Tuesday, 26 February 2013

More on the Inside.

Once all the insulation had been covered up with timber a little titivation was called for in the way of storage, beds and cupboards.  The front cabin was going to be used as a company office with a settee berth on one side and a desk on the other.  Above the settee berth would be another demountable occasional berth which slots together using dovetail joints and knees to support it.

As you can see full use is made of trotter boxes to accommodate the feet of the berth occupants, don't want them to get too comfy do we.

Here is the office more or less finished.


Offcuts of oak from the flooring were machined up to make the bed in the aft cabin.  This encompasses the weed hatch so heights had to match else there would be a lump in the bed which wasn't me.  Two hatches are in the floor to give access to the propeller shaft, stuffing box and intermediate bearing.

1mm lathes of clear oak were cut 20mm wide and woven to make a breathable panel for the wardrobe and cupboard doors in here.



 All wardrobes are 24" deep and have enough space in them so that air can circulate and there is enough space to hang stuff properly.  Every last bit of space is used for storage, specially when it's your home.


 The companion way steps swing up on gas struts to give a good easy access to the engine room.  It took a bit of working out to get the angles and levers right but it was worth it.  When closed the steps are over centre and held closed.  A little initial lift has them swinging above your head and you're in.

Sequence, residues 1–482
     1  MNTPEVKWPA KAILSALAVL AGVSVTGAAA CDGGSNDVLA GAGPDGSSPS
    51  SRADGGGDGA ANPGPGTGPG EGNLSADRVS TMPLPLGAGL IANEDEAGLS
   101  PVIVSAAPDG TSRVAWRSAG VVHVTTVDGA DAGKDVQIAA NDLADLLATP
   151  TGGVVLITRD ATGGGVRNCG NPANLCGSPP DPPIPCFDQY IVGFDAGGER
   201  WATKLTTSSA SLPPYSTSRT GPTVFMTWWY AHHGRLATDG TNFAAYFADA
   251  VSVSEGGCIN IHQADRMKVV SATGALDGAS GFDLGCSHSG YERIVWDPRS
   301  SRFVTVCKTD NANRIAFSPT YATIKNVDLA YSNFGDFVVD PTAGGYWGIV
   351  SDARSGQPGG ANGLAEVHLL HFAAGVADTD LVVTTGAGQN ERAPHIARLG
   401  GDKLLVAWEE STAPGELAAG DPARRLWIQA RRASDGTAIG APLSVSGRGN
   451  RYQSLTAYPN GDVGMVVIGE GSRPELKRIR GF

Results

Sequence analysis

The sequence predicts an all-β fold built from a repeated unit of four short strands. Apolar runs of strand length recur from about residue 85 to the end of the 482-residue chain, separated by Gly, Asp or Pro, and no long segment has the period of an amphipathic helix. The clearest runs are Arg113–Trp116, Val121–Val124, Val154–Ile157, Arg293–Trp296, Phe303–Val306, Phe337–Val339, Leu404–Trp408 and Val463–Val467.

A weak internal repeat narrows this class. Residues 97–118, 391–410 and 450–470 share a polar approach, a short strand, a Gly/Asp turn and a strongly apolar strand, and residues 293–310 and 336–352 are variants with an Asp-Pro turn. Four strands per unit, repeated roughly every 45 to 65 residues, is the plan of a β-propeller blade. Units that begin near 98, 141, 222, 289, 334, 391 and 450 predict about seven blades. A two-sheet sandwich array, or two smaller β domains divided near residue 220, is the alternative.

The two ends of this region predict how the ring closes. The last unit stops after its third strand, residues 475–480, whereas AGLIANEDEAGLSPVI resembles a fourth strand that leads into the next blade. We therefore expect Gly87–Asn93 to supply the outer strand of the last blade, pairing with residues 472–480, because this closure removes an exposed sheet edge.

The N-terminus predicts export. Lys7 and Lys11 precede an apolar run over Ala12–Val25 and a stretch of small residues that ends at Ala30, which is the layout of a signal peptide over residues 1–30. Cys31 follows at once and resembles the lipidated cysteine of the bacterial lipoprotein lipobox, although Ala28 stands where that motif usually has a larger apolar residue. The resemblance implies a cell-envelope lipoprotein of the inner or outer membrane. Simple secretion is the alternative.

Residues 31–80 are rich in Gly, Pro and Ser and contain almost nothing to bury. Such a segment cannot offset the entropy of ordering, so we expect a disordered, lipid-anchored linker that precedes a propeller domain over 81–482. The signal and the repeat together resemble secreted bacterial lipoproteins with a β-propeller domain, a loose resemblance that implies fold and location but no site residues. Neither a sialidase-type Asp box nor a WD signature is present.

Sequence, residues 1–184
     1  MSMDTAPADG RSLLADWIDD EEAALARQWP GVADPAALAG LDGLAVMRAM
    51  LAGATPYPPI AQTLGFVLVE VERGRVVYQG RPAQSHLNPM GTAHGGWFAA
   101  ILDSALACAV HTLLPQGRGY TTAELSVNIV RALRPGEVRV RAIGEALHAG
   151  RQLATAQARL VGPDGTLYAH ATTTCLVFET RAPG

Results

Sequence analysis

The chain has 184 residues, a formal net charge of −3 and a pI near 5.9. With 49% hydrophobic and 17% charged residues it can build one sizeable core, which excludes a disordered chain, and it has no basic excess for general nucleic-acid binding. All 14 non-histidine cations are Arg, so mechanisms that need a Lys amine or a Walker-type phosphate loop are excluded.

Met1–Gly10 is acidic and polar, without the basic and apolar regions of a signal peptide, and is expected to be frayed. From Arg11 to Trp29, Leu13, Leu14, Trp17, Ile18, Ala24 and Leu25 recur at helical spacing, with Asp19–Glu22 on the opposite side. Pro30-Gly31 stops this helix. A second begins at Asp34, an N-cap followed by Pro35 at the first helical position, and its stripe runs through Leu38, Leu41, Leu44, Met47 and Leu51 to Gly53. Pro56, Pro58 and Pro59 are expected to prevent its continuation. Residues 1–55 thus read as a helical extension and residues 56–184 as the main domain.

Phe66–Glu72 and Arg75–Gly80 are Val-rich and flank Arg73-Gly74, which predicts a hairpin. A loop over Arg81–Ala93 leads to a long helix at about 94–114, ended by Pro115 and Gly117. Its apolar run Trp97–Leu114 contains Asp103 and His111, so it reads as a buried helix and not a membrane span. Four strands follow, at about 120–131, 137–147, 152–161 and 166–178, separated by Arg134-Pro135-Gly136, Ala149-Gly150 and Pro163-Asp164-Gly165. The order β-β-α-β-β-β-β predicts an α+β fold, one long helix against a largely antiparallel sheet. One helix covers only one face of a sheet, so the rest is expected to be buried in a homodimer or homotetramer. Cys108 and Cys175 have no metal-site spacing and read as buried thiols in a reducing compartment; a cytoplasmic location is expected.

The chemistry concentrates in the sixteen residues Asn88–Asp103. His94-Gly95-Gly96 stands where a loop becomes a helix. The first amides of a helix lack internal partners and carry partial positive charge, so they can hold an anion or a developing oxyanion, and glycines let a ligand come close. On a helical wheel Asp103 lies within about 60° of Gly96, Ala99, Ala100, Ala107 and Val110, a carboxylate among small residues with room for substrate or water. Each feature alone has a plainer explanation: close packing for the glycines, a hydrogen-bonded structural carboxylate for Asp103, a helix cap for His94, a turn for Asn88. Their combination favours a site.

I made these one Christmas out of iroko ready for when they were needed.  Put too much polish on them and once fitted broke 4 ribs wearing socks.  Don't wear socks anymore, boy that hurt.

 I'll have to take a photo of them actually in operation, remiss of me, sorry.

At the same time as all this the plumbing was being installed.  A wet central heating system was the plan, using cast iron radiators and inch and a quarter steel pipe.  Proper job.  The boiler is a drip feed Kabola E7 running on diesel or kero.

The light green tank is for hot water,  the light blue tank is the expansion vessel for the central heating and the red thing is the boiler.

 Each section of these radiators has an output of 250 watts making this one 2 kilowatts.  Note the two hold down u bolts through steel floors and the sideways stay tapped into the hull frame.  In a seaway I don't want these to move.  The big 3 kilowatt jobbie in the saloon weight in at over 23 stones.  The system uses no electricity and relies on thermo syphon to move the water through pipes.  Basically hot water rises and cold water falls.